View guides

Tuition Fees Set Rise Again for 2018

Posted by Richard Ward in , ,

Image courtesy of Flickr, Creative Commons

An additional set of tuition fee increases, which will apply to all universities in England has been signalled, taking tuition fees for students beginning courses in 2018 to over £9,500.

The government has previously stated that higher fees will be linked to the quality of teaching on offer, however plans released this week indicate that this will not be the case and that all universities can apply the same increase for 2018.

This will include those institutions that fall "significantly below benchmark in one or more areas".

According to the Department for Education the fee increases imposed for 2018 will be a part of a second trial year before a system with different levels of fees based on teaching quality comes into force.

A spokeswoman for the government department said: "Universities will not be able to increase fees unless they pass rigorous quality standards. We have always been clear that as the framework develops it will become increasingly robust, with additional criteria, such as university's retention and graduate employment rates, introduced into the judging process."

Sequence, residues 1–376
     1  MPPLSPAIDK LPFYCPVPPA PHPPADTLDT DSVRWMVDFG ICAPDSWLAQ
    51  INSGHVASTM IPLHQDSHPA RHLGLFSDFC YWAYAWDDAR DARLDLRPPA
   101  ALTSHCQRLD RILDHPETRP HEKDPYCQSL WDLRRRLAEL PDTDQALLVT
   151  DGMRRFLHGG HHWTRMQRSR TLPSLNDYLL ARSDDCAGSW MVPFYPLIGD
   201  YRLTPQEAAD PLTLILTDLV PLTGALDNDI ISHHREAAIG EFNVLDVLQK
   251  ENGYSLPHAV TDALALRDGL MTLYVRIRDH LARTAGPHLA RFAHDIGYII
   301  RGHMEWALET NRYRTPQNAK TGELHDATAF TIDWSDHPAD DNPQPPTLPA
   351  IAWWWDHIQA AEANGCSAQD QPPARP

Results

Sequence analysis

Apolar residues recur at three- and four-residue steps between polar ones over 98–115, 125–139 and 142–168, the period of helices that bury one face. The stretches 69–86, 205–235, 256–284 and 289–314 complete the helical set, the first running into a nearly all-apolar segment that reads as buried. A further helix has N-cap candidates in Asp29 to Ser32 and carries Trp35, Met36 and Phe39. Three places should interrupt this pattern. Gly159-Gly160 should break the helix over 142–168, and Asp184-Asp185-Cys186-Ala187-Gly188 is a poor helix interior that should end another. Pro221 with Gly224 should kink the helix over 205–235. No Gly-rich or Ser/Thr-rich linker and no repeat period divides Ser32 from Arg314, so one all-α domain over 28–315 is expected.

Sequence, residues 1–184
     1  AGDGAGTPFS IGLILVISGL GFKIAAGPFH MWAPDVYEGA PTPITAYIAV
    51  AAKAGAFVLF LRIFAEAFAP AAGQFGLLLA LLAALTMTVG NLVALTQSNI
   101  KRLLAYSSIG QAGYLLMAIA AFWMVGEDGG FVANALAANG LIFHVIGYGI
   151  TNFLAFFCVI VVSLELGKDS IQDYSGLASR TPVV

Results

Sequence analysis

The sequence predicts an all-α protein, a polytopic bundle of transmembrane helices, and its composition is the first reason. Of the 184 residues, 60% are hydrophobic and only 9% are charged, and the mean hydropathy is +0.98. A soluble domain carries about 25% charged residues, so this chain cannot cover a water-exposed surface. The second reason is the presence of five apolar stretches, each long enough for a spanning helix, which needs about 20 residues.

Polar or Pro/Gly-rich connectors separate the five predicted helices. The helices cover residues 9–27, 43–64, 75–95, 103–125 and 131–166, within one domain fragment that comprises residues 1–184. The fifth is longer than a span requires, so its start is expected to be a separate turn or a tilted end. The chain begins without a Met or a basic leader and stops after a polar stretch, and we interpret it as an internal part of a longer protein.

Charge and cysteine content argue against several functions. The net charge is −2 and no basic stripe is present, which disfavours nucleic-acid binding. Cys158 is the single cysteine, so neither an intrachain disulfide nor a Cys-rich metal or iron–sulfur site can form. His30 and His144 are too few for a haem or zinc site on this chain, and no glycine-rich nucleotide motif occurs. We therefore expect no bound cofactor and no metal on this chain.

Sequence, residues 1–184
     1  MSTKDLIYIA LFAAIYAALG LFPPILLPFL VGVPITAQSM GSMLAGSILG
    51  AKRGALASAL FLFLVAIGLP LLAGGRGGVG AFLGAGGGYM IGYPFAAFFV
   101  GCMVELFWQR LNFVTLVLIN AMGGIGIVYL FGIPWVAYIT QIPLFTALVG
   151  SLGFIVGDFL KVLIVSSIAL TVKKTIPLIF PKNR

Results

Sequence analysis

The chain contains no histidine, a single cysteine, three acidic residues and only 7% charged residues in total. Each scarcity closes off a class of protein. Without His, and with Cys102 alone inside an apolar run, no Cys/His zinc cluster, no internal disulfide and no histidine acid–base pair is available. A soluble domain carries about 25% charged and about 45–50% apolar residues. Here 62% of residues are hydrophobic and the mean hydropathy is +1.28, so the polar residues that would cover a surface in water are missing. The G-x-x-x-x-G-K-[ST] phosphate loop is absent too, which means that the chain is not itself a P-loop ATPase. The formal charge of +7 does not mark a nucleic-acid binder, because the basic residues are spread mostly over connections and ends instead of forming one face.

The teaching excellence framework will be used to assess each university, with each institution being branded a rating of either bronze, silver or gold.

The government has already allowed across the board increases from autumn 2017 taking fees to £9,250, but it has now emerged that regardless of which rating a university receives all universities will receive a full inflationary uplift for courses starting in autumn 2018.

With inflation forecast for 2018-19 at 3.2% this would take fees above £9,500 a year.

After 2018 different fees could be charged depending on how each university is ranked within the teaching excellence framework.

Liberal Democrat leader Tim Farron said of the proposed increases: "Higher education needs to be funded sustainably but for Government to continue to let fees creep up year on year, so students are unable to get a clear picture of the debt they might face, is unacceptable."